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The following is a letter from a physician at Charity Hospital in New Orleans, LA. I received this via email today from a friend who works at a trauma hospital in Memphis, TN. It's a little long but I thought it well worth passing on.


Subject: From Ben deBoisblanc

Thanks to all to have offered help in the aftermath of Hurricane Katrina. The physical destruction you see on television does not begin to tell the story of the emotional desolation felt by the tens of thousands of poor who have lost everything. Please continue to help in any way that you feel you can.

Thanks to all, Ben.

P.S. below is a brief accounting of our ICU operations in the wake of Katrina.

Prior to landfall it was obvious that Katrina had all the characteristics of the hurricane experts for decades had predicted would be the worst natural disaster in US history...a category 5 storm hitting a city that is largely below sea level and one that is completely surrounded by water. We were able to reduce our ICU patient load in Charity Hospital to about 50. After evacuating our families, our emergency activation team set up to provide medical support for the remaining patients. During the storm windows blew out in the ICU flooding it with about 2 inches of water. The power went out but the emergency generators kicked on and all seemed well. But an hour later for some unknown reason we lost all power and began bagging our patients in total darkness. We were able to restart the backup generators late in the day on Monday which allowed us to start cleaning up the mess in the ICU. Although the city was without power, we were high-fiving each other over a job well done. The day crew went to sleep late Monday but was suddenly awakened at 3AM on Tues to help bag patients when the emergency generators went out again. As dawn began to break we began to understand why, water was pouring into downtown New Orleans from every direction and had flooded the generators that we located on the first floor.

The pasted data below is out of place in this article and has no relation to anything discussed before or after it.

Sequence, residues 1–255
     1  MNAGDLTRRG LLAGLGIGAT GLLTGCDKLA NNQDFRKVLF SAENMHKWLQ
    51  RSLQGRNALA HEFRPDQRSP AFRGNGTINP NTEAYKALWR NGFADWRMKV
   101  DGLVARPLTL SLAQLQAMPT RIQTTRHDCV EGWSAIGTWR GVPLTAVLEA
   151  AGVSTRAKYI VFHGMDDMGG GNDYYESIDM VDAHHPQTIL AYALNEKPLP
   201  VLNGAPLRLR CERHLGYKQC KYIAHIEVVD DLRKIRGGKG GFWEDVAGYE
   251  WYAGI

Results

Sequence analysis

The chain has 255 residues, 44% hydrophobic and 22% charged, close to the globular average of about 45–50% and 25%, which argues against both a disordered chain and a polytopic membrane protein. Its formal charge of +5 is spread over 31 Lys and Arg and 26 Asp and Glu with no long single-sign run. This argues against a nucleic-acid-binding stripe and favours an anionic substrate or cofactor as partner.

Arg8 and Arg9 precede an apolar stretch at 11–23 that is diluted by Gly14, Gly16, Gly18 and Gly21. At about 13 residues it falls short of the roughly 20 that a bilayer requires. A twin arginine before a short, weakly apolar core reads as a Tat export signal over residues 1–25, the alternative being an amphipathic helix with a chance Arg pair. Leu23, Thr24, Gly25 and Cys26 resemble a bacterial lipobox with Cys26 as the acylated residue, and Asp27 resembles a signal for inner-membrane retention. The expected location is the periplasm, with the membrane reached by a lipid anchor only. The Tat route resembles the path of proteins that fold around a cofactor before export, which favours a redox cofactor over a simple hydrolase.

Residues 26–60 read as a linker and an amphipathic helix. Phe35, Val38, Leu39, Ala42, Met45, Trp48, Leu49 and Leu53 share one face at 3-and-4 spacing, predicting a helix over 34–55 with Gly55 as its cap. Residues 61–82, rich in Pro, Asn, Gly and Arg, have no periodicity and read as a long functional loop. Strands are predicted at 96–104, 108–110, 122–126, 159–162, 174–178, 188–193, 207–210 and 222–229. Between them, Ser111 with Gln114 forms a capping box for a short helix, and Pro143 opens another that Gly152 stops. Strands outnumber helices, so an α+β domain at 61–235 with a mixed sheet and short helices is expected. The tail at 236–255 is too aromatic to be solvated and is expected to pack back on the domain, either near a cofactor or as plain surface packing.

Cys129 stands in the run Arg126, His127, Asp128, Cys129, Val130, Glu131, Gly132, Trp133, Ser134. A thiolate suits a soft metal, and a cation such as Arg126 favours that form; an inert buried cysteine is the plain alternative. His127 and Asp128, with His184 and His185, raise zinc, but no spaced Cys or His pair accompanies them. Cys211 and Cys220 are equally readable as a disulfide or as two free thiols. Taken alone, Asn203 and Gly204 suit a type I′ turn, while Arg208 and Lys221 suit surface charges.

Without power for our life support systems (suction, monitors, vents, dialysis, IV fluid pumps, radiology, laboratory, etc.) we realized that we needed to get our patients out ASAP. Soon after, a sanitation crisis unfolded when we lost water pressure for toilets. We were not only caring for 300 patients in the hospital but we we also providing refuge for over 1000 support staff and their families. Before we lost communication with the outside world FEMA instructed us to prepare for evacuation later on that day (Tues) and much to our surprise the Governor's office was telling news agencies that we had already been evacuated. Needles to say, no outside help came until Friday.